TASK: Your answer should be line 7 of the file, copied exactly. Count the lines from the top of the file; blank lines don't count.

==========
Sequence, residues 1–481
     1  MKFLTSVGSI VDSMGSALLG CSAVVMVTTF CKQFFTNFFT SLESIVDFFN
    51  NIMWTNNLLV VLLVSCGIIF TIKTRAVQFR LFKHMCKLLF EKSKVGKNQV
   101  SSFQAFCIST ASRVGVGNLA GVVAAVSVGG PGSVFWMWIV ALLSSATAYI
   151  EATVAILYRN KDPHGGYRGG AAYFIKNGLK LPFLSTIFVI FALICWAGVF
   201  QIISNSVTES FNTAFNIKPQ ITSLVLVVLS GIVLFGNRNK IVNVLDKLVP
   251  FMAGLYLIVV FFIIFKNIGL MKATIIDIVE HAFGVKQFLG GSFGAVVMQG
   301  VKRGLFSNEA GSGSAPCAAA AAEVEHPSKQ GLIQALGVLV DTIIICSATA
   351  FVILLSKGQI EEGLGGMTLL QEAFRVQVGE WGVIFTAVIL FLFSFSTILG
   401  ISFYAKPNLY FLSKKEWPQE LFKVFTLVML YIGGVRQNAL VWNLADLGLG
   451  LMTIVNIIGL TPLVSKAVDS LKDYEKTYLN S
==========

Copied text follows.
   251  FMAGLYLIVV FFIIFKNIGL MKATIIDIVE HAFGVKQFLG GSFGAVVMQG